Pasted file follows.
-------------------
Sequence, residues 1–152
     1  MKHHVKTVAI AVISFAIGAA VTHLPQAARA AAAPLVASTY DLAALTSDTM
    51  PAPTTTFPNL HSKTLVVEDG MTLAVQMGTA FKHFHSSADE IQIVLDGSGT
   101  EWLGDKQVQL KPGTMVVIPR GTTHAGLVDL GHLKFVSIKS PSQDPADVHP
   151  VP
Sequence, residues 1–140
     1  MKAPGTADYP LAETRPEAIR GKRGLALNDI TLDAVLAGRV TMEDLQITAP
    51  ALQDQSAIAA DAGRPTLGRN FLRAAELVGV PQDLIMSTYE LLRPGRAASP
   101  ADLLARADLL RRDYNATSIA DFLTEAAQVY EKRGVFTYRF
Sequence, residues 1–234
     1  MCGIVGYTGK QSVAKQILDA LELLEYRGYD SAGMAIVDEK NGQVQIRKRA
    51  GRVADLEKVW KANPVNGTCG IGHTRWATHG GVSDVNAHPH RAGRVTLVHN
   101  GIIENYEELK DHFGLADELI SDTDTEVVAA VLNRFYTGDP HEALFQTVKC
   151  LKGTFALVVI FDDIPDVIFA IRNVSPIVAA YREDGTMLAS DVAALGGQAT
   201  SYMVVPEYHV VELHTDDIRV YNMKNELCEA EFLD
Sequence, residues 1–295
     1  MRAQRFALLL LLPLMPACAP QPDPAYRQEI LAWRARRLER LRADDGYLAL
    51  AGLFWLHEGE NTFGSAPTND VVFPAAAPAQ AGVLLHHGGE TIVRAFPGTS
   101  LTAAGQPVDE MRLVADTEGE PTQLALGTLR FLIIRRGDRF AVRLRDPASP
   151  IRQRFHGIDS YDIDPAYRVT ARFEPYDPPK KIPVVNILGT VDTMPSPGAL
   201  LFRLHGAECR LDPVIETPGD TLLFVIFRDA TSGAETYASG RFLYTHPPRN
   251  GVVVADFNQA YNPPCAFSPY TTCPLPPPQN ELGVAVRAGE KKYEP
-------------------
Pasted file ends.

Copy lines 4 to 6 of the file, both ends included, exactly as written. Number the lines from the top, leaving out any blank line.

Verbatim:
   101  EWLGDKQVQL KPGTMVVIPR GTTHAGLVDL GHLKFVSIKS PSQDPADVHP
   151  VP
Sequence, residues 1–140